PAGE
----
Mary Virginia Jones Released From Prison After 32 Years For A Crime She Didn’t Commit

Overjoyed family members greeted 74-year-old Mary Virginia Jones when she stepped out of the Century Regional Detention Facility in Lynwood, California at 11 pm, Monday, the Los Angeles Times reported. The last time she was out as a free woman was when Ronald Reagan had just taken oath as the President of the United States. The innocent grandma had spent 32 years of her life in prison for a murder she didn’t commit.

Virginia had been serving a life sentence at the Lynwood facility for her alleged role in a murder committed by her boyfriend Mose Willis back in 1981. Mose, who was sentenced to death died while on death row. Virginia on the other hand was convicted of first-degree murder and sentenced to life imprisonment without parole.

It was cries of ‘Thank you Jesus!’ and ‘Hallelujah’ that greeted people assembled at the Los Angeles courtroom where Judge William C. Ryan finally pronounced Virginia to be freed, the Daily Times reports. The family that included Virginia’s daughter Denitra Jones-Goodie, couldn’t control their emotions and sobbed. Denitra later told reporters she had lost all hopes of seeing Mary as a free woman who had been in the past subjected through four separate trials, one reversal of appeal and two hung juries. “She never should have been incarcerated in the first place, but she’s free, thank God,” Jones-Goodie said.

Virginia Mary Jones during her hearing

Earlier, the Los Angeles District Attorney’s office reviewed the case and agreed to set aside her convictions if she pled no contest to voluntary manslaughter. Virginia, using a magnifying glass to read her plea in the courtroom said, “I did not willingly participate in this crime, but I believe entering a no contest plea is in my best interest.”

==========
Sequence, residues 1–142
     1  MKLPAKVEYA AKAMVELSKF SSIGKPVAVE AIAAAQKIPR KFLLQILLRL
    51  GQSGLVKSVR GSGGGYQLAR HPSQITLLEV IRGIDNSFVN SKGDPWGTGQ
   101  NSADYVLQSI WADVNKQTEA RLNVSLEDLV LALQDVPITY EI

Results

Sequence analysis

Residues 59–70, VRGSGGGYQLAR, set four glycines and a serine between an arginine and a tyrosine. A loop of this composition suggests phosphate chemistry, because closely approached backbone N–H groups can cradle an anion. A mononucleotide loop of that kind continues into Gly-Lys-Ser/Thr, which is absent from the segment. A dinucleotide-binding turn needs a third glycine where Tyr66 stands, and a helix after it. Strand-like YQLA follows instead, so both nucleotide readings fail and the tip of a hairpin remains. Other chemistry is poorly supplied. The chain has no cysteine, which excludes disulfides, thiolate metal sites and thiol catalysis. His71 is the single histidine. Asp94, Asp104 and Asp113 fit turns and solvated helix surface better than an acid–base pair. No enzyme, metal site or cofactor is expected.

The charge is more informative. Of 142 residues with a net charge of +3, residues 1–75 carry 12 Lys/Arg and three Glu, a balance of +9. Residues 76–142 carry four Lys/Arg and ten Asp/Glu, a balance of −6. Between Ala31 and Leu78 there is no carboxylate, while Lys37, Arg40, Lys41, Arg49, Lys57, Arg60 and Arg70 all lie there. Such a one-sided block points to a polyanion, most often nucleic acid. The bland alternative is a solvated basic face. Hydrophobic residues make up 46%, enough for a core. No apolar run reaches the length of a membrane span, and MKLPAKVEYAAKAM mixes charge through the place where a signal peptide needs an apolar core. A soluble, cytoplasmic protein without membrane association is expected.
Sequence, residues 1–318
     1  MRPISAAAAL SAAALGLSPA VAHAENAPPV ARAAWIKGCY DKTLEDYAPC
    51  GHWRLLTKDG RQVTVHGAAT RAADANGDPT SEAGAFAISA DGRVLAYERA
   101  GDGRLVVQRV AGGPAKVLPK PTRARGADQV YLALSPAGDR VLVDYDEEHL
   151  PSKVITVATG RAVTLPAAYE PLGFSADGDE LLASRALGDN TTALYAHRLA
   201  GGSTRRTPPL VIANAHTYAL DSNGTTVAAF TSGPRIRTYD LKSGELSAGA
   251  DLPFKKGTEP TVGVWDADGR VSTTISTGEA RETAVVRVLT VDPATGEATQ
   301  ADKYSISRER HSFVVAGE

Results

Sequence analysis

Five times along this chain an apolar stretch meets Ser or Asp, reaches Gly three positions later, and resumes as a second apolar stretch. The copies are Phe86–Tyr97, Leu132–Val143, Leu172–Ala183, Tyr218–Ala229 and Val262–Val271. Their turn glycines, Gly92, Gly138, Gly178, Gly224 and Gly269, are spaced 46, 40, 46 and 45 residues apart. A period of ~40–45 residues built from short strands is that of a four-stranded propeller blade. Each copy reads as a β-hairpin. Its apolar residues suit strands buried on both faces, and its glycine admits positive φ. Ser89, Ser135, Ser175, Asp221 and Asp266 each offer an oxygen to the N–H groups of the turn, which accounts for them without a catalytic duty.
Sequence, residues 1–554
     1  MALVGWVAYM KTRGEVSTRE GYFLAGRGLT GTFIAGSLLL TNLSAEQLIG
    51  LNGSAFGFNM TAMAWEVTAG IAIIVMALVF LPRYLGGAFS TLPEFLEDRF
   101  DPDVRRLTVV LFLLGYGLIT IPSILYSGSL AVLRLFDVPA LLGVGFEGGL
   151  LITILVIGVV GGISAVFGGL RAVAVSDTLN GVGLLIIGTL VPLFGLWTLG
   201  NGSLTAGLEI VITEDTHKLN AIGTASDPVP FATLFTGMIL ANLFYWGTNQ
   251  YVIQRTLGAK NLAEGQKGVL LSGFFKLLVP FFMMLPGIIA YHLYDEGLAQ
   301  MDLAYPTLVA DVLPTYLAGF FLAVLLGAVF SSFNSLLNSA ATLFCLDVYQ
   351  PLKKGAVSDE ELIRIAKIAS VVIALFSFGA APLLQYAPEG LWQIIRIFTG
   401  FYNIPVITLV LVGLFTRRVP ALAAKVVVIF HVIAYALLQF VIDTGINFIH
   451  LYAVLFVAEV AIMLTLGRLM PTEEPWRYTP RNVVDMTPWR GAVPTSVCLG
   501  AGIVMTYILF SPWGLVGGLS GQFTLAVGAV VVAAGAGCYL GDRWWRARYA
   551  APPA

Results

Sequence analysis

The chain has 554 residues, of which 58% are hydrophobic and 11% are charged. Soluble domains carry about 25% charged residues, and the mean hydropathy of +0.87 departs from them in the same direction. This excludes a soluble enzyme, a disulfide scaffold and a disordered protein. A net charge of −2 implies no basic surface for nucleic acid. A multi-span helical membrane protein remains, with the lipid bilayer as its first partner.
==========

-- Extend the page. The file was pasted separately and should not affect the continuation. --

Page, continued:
The crime leading to Virginia’s arrest and the subsequent sentencing happened back in 1981 when Jones’ abusive boyfriend kidnapped two drug dealers and forced Jones to drive to an alley. He killed one of the dealers there while Virginia, who feared for her own life escaped from there – only to be arrested days later for the “crime” she had committed. All through her trial, Virginia maintained that Willis had forced her to do things at gunpoint. None of the subsequent trials took into account the fact that she has a history as a battered victim – directing attorney, Heidi Rummel, of the told reporters. It also took four excruciatingly long trials for the jury to reach her conviction.

A young Virginia Mary Jones from a portrait provided by her family

If Mary has anybody to be thankful to, it has to be the students from UCLA’s Post-Conviction Justice Project who challenged Virginia’s conviction. Their argument in favor of Mary was the fact that the jury that convicted her never heard testimony on the effects of what was then known as Battered Women’s Syndrome. Had they done so, Virginia would have never been convicted. UCLA Student Laura Donaldson told reporters, “the procedural history of Mary’s case gave me a greater appreciation for the pitfalls of the justice system.”

Denitra Jones-Goodie with the law students of UCLA who strived to facilitate Virginia's freedom

Do you think Mary Virginia Jones was wronged by the justice system of the United States who had in the past also had the case of Glenn Ford, a death row inmate who was exonerated after spending 30 years in prison?

[Images Via CBS news, KTLA, NYDailyNews]